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Leeshe
B72A60C2-9743-464E-AF18-3F9DA78A2FD2.jpeg  55A2DD45-2A52-40A7-89CB-B94275823A47.jpeg  0D00546F-F1B9-4B11-BE2F-74B10B19AB90.jpeg  22728F9F-F826-49E9-97C2-F672E75C8DA1.jpeg  591146E9-ADB0-4D94-8B4A-E2241CD06423.jpeg  26FC35BF-80D3-4B07-BC53-943AD6EE900D.jpeg  026B3DE9-00B3-4CAE-A1E8-F79380D606B6.jpeg  E6C26D6B-B0E4-4B0D-A5DF-1D21C4EA8D18.jpeg  Hi all, after a family weekend away at Reighton Sands, we decided to do some fossil hunting for the first time. My 5yr old dug these out of the clay and I’m not sure  what they are, if anything of interest. It is only letting me upload a certain number of pics so I will upload some more afterwards.
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prep01
Hello and welcome to the forum. These are belemnites but Tarquin (TqB) may be able to give you a genus/species.
Colin Huller
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Leeshe
Thank you for taking the time to look at our finds and I can tell my son exactly what he has found, I am sure he will be amazed. Thank you.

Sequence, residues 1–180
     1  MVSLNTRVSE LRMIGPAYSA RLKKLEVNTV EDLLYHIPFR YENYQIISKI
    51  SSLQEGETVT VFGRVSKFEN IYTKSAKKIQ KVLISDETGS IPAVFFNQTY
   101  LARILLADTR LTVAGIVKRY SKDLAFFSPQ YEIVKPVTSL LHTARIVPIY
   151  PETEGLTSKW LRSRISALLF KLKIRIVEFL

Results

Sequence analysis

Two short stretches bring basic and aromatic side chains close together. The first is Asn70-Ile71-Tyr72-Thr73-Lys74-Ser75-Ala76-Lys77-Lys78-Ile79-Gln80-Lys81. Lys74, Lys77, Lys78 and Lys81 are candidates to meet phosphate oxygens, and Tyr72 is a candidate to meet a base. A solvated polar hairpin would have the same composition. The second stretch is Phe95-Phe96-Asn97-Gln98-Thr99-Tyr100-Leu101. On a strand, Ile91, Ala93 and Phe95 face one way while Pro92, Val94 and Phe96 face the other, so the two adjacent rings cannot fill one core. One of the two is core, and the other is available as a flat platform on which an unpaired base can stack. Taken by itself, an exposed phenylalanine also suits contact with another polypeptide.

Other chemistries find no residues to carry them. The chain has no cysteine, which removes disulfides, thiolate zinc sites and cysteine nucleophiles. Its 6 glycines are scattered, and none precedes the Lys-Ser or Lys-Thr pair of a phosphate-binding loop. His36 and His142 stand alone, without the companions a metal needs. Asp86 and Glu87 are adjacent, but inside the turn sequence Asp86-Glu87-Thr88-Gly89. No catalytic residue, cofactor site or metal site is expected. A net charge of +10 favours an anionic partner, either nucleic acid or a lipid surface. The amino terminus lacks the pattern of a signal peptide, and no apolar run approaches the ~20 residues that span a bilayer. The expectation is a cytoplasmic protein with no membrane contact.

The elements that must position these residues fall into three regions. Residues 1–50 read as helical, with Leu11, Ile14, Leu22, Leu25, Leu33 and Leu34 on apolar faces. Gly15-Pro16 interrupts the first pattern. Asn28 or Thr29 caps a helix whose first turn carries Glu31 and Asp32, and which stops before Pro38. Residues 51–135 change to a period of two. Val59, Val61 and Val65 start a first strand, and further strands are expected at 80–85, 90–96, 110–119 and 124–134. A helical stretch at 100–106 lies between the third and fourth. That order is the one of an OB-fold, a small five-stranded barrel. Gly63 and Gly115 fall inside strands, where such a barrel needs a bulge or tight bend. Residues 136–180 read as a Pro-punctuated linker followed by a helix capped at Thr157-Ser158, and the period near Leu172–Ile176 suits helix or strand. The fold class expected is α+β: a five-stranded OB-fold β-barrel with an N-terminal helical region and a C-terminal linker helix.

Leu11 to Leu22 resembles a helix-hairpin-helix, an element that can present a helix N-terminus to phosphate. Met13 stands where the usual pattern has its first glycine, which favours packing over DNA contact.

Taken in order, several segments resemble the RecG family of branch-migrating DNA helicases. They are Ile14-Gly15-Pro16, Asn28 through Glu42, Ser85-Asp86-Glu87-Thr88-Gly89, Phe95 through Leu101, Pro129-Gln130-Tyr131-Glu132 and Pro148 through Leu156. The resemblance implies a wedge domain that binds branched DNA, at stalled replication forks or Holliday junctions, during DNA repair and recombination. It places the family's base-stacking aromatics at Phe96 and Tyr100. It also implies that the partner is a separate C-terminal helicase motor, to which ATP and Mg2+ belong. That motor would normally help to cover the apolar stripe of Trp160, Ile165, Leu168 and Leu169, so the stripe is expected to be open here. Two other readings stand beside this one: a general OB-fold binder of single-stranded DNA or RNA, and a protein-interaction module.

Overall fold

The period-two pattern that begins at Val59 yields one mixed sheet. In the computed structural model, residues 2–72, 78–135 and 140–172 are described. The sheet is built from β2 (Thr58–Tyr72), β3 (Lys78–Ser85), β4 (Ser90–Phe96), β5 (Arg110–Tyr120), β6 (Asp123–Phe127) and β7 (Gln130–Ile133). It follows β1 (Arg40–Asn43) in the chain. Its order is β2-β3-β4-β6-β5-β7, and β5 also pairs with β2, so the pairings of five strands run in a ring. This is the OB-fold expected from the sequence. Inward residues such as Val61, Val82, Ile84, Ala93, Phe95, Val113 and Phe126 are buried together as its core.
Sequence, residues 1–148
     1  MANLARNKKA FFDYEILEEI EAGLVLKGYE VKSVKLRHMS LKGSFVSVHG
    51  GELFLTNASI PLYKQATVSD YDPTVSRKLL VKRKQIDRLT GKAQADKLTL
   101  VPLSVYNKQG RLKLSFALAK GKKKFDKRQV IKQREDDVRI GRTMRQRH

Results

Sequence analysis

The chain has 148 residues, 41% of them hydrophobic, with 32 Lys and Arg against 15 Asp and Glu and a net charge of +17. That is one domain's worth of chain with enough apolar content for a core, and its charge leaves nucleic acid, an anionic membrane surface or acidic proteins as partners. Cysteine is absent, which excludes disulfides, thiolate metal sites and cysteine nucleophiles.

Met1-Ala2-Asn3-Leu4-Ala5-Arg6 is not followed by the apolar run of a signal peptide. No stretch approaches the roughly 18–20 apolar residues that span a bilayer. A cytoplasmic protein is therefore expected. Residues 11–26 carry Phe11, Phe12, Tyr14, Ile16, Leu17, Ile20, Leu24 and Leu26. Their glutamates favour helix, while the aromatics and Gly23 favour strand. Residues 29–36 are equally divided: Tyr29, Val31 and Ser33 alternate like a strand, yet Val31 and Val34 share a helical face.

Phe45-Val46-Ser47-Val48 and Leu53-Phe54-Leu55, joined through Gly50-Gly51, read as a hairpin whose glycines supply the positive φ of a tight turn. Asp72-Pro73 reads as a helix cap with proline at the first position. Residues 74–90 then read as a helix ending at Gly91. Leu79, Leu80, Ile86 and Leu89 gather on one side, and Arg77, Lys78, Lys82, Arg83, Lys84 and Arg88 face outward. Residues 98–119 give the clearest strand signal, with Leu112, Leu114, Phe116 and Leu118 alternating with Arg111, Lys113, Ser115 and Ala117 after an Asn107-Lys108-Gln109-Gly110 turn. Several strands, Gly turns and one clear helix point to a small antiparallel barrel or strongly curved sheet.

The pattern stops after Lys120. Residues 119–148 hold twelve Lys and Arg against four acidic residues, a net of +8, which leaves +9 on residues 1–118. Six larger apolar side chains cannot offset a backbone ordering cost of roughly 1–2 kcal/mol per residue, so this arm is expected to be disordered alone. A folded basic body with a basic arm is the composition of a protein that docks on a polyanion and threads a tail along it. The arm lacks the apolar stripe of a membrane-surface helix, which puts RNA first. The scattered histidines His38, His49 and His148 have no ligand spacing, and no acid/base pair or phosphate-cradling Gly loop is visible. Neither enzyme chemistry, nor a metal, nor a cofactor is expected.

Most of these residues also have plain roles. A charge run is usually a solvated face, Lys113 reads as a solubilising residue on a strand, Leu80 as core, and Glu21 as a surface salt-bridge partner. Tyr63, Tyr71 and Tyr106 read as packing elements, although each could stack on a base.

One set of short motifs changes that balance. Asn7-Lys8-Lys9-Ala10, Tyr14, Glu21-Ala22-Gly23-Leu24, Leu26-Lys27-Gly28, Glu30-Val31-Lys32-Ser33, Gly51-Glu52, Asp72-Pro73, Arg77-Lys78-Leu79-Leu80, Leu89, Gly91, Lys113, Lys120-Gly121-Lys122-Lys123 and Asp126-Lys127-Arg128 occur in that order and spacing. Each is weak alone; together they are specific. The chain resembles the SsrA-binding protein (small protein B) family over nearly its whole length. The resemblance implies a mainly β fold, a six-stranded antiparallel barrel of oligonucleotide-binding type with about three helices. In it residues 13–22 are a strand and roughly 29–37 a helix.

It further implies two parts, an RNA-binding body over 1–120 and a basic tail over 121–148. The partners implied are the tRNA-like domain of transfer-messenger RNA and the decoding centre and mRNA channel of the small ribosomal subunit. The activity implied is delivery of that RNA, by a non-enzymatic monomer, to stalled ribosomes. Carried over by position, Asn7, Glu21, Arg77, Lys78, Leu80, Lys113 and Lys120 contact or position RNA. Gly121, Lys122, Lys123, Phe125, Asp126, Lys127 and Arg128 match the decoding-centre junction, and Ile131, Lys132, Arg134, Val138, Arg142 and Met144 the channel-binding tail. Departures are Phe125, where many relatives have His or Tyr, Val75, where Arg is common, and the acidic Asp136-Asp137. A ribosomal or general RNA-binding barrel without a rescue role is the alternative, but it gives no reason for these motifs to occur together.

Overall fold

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Barrow Museum
This is indeed a belemnite - an element of the internal skeleton of an extinct type of squid.  Its genus name is Acroteuthis.  You may also have found another belemnite at Reighton - a more slender one which is tapered at its "blunt" end as well.  This one is called Hibolites.  Back in the Early Cretaceous, there was a marine connection to the south and one to the north.  What is now the Speeton Clay at Reighton was between the two and has alternating floods of each of these belemnites, indicating a mainly northern (Boreal) fauna, including Acroteuthis, or a mainly southern (Tethyan) fauna, including Hibolites.  These clues can tell geologists a lot about how the configuration of sea and land changed with sea-level rise and fall around 130 million years ago in the Early Cretaceous.
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